# FACULTY DEVELOPMENT PROFESSIONAL SERIES OFFICE OF MEDICAL EDUCATION TULANE UNIVERSITY SCHOOL OF MEDICINE Using Statistics to Evaluate Multiple Choice.

## Presentation on theme: "FACULTY DEVELOPMENT PROFESSIONAL SERIES OFFICE OF MEDICAL EDUCATION TULANE UNIVERSITY SCHOOL OF MEDICINE Using Statistics to Evaluate Multiple Choice."— Presentation transcript:

FACULTY DEVELOPMENT PROFESSIONAL SERIES OFFICE OF MEDICAL EDUCATION TULANE UNIVERSITY SCHOOL OF MEDICINE Using Statistics to Evaluate Multiple Choice Test Items

Objectives Define test reliability Interpret KR-20 statistic Evaluate item difficulty (p value) Define and interpret the point biserial correlation Evaluate distractor quality Differentiate among poor, fair, and good test items

What is Reliability? Test reliability is a measure of the accuracy, consistency, or precision of the test scores. Statistics: Coefficient (Cronbach) Alpha – generally used for surveys or tests that have more than one correct answer Kuder-Richardson Formula (KR-20) – Measures inter-item consistency or how well your exam measures a single construct. Used for knowledge tests where items are scored correct/incorrect (dichotomous) KR-21 – Similar to KR-20 but underestimates the reliability of an exam if questions are of varying difficulty

Interpreting KR-20 KR-20 statistic is influenced by: Number of test items on the exam Student performance on each item Variance for the set of student test scores Range: 0.00 – 1.00 Values near 0.00 – weak relationship among items on the test Values near 1.o0 – strong relationship among items on the test Medical School exams should have a KR-20 of.70 or higher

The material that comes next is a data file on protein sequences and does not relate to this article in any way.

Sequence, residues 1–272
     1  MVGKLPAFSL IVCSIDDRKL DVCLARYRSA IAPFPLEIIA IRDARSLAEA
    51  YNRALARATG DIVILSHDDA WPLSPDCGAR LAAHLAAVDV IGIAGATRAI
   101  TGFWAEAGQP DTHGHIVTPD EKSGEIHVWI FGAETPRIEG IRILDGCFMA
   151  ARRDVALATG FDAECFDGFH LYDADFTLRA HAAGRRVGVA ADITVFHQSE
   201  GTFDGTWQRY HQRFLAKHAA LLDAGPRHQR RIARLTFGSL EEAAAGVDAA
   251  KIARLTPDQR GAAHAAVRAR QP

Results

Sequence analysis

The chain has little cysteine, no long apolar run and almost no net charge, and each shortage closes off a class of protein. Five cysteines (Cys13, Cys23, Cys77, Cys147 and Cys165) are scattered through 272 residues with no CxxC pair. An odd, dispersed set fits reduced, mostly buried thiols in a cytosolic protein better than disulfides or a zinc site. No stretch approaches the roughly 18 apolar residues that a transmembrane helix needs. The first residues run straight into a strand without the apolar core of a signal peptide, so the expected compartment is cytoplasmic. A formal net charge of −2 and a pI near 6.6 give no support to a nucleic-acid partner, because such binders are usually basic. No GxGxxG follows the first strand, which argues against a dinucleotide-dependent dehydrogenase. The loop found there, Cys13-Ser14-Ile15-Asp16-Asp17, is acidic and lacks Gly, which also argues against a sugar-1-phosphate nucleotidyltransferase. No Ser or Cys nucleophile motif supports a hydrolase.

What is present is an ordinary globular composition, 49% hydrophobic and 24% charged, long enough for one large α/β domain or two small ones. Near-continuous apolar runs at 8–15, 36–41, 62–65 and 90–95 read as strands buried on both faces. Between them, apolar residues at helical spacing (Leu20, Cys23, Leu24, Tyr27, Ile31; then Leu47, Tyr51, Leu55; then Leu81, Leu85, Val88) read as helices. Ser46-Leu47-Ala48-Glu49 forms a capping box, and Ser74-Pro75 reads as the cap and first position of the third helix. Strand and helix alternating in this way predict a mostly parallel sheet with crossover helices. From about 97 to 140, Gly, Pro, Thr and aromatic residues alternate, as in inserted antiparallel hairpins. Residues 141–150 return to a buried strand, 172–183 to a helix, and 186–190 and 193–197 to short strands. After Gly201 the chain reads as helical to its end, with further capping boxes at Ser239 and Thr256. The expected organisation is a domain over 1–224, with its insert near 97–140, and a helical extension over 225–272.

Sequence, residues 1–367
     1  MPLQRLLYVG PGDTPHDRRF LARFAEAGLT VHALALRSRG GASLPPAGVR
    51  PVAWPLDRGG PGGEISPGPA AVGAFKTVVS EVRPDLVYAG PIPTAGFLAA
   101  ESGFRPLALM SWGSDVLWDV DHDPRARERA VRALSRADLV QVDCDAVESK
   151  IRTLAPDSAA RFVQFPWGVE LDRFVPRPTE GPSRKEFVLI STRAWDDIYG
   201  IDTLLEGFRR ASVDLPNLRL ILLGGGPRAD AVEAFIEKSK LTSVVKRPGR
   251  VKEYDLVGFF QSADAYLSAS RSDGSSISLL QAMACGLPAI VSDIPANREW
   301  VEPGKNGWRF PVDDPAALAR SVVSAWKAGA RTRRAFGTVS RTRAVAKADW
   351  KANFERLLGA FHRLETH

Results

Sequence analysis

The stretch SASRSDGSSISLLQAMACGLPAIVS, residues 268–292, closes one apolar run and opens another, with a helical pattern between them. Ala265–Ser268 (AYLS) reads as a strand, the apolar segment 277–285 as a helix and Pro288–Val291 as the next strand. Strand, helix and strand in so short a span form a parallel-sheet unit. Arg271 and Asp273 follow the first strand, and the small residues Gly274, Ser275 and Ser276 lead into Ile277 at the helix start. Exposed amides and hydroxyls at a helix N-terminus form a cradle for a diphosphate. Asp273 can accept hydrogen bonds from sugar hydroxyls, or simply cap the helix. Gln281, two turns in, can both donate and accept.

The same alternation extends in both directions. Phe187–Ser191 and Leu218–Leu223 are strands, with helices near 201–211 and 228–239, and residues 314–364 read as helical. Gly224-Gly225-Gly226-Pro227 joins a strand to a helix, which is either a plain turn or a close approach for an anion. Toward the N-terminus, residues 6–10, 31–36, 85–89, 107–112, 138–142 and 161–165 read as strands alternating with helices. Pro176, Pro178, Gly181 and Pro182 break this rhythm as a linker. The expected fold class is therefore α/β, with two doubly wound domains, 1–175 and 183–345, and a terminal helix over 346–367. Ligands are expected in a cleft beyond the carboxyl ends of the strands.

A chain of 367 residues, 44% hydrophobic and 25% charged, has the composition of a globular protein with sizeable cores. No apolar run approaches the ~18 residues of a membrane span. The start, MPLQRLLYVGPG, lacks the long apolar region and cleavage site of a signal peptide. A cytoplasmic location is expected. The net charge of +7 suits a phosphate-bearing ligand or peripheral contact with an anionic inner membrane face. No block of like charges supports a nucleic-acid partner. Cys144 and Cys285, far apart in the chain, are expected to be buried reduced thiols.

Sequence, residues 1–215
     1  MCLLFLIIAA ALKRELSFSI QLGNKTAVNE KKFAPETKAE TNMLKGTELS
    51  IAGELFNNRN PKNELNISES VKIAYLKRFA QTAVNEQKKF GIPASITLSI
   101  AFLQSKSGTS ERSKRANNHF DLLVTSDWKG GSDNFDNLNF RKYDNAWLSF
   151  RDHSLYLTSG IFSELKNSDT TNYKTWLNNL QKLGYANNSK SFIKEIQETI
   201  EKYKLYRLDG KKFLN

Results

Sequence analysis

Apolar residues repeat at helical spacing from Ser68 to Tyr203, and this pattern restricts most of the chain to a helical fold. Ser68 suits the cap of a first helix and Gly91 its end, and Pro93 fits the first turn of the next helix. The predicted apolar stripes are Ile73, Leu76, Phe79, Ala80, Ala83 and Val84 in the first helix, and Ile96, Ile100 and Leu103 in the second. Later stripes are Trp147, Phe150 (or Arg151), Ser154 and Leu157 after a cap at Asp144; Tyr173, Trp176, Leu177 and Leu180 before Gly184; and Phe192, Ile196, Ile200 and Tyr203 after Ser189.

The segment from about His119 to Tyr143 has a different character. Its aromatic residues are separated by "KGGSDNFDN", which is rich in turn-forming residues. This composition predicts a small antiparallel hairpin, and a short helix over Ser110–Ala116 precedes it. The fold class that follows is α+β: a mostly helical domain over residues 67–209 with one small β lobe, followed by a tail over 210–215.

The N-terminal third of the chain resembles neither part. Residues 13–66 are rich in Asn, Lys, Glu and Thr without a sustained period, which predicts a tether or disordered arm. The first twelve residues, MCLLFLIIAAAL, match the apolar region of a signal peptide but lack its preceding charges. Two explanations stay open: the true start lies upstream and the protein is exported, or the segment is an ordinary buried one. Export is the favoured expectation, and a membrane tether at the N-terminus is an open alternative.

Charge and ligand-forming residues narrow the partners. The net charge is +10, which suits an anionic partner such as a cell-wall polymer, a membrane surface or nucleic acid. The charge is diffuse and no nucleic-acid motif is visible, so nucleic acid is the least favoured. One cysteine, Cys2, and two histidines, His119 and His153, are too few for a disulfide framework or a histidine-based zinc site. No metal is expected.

Improving Reliability Reliability can be improved by: Writing clear and simple directions Ensuring test items are clearly written and follow NBME guidelines for construction Assuring that test items match course objectives and content Adding test items; longer tests produce more reliable scores

Item Difficulty Item Difficulty (p value) – measure of the proportion of students who answered a test item correctly Range – 0.00 – 1.00 Ex. p value of.56 means that 56% of students answered the question correctly. p value of 1.00 means that 100% of students answered the question correctly. For medical school tests where there is an emphasis on mastery, MOST items should have a p-value of.70 or higher.

What is a point biserial correlation? The point biserial correlation: Measures test item discrimination Ranges from -1.00 to 1.00 A positive point biserial indicates that those scoring high on the total exam answered a test item correctly more frequently than low-scoring students. A negative point biserial indicates low scoring students on the total test did better on a test item than high-scoring students. As a general rule, a point biserial of.20 is desirable.

Distractor Analysis Addresses the performance of incorrect response options. Incorrect options should be plausible but incorrect. If no one chooses a particular option, the option is not contributing to the performance of the test item The presence of one or more implausible distractors can make the item artificially easier than it should be.